At my reunion, a classmate declared I was the first person she knew who owned a cell phone. This was when I was in high school; when I learned to drive, my mom got an analog phone, and then a digital one. She claimed she was buying it for my dad, and for emergencies in the car. My dad had, and has, a great lack of desire for a cellphone (although he loves to borrow and use mine whenever I'm around). But the net result was that I had a phone in high school, when they were still stigmatized.
Talk was made of the coming brain tumors -- I argue that the brain tumors will be the societal version of Iraqi WMDs... either they will come (where are they?) or they won't, and it won't come up because now the great ill is cell-phone driving or whatever next issue there is. I was reminded of this attitude last night, watching an old episode of Family Guy, where they went off on a riff about how stupid cell phones are and that you get one to look cool and even with a cellphone shaped brain tumor you would still be an envy. That kind of commentary has fallen off. Because now, the fastest way to get one is declare "I'll never own a cellphone". Empirically, anectodally, the average time is 8 days after such a statement.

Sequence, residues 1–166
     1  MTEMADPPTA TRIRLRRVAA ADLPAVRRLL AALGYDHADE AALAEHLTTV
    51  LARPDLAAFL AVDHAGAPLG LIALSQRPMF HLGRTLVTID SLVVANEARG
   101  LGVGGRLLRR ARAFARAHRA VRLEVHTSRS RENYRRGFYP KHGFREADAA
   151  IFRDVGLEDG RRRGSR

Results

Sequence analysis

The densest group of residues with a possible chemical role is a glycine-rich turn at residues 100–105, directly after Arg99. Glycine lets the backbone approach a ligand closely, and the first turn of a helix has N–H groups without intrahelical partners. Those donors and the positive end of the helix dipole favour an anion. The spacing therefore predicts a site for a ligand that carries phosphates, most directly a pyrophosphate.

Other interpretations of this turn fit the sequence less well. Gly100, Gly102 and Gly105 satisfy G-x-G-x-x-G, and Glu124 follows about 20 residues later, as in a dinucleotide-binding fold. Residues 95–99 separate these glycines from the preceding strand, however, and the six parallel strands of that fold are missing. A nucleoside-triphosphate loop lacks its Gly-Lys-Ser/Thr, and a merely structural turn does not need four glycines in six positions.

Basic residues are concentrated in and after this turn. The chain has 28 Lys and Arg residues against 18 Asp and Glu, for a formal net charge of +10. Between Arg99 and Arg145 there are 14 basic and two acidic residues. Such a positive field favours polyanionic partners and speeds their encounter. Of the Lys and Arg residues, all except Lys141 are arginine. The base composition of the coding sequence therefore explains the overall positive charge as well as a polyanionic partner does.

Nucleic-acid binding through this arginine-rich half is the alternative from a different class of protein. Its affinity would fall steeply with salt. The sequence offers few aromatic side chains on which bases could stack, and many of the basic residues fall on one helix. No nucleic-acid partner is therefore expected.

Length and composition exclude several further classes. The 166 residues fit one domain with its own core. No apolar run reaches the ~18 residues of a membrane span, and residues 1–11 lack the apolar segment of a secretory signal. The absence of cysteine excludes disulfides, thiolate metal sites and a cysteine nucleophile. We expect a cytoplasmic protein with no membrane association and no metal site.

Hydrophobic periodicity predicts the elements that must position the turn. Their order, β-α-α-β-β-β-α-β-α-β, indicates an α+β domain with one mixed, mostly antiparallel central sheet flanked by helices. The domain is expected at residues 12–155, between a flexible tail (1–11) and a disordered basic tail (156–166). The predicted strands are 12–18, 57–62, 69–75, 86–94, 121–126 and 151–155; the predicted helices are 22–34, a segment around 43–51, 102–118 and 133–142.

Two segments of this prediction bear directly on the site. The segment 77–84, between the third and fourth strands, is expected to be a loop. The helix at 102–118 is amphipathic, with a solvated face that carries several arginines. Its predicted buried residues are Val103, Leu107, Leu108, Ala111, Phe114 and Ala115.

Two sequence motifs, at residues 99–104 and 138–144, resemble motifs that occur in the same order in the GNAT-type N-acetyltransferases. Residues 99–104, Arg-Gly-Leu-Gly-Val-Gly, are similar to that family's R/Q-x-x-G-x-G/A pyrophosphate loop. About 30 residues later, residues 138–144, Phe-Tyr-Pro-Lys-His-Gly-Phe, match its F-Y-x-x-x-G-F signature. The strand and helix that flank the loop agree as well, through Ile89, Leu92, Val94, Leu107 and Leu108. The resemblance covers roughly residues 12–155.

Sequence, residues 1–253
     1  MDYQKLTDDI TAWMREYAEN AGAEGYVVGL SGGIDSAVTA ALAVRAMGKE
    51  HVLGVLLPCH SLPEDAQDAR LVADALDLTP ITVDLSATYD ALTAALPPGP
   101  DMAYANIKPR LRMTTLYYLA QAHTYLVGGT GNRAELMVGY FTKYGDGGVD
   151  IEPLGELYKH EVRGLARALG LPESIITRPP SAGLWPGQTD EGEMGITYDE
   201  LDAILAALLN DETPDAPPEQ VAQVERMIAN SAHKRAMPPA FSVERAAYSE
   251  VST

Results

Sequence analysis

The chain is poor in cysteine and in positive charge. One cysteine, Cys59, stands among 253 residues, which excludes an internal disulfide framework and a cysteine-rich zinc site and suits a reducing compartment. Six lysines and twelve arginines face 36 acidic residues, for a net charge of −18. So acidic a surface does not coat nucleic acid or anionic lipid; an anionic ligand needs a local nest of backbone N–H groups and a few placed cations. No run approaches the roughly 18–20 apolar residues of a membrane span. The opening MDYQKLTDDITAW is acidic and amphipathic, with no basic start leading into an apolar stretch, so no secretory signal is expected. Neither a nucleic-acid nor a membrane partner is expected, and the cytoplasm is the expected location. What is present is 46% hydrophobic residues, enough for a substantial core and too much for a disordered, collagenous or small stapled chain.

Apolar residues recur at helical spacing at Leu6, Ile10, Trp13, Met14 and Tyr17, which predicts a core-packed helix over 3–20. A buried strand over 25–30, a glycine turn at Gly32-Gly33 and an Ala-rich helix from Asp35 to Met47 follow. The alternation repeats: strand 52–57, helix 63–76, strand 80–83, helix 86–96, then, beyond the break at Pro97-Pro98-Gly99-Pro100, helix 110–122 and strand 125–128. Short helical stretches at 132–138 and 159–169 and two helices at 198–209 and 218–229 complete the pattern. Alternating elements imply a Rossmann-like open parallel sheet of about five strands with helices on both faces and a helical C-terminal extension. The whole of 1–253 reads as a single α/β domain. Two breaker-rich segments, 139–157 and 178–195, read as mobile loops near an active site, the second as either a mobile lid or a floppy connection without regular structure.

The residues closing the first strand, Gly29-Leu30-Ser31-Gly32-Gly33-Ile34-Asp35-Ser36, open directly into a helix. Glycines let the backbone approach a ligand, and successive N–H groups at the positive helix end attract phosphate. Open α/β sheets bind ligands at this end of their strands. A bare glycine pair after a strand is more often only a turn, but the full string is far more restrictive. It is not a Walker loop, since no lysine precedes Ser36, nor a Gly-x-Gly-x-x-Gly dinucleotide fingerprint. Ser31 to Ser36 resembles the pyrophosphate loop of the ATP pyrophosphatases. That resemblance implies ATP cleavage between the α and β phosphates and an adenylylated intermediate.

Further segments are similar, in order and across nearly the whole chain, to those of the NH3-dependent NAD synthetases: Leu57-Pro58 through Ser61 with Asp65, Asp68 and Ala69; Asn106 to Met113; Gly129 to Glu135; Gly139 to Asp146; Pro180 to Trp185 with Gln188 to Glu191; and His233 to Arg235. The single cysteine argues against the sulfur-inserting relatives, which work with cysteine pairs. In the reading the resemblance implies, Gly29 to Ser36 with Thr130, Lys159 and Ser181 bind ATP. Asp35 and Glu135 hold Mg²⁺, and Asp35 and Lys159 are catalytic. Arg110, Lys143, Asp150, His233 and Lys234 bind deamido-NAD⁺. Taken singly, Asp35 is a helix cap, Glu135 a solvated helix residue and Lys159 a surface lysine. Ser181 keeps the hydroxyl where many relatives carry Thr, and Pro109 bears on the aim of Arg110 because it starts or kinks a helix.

I remember going to Europe, in 1998, and seeing how pervasive cell phone use was. What struck me the most was not how many there were -- but how little social notice was made of it. In the US, when you used a cellphone -- discretely, off to the side on a sidewalk -- people would stare and judge. Not true in Europe, and I argued that it just showed that Europe was about 5 years ahead. That's true. You can sit at a bus stop on a cellphone, and no one notices. It is all about critical mass, when enough people have them and the costs are not unmanagable.
Over 16 days, straight, of cellphone use. So that's where my life went.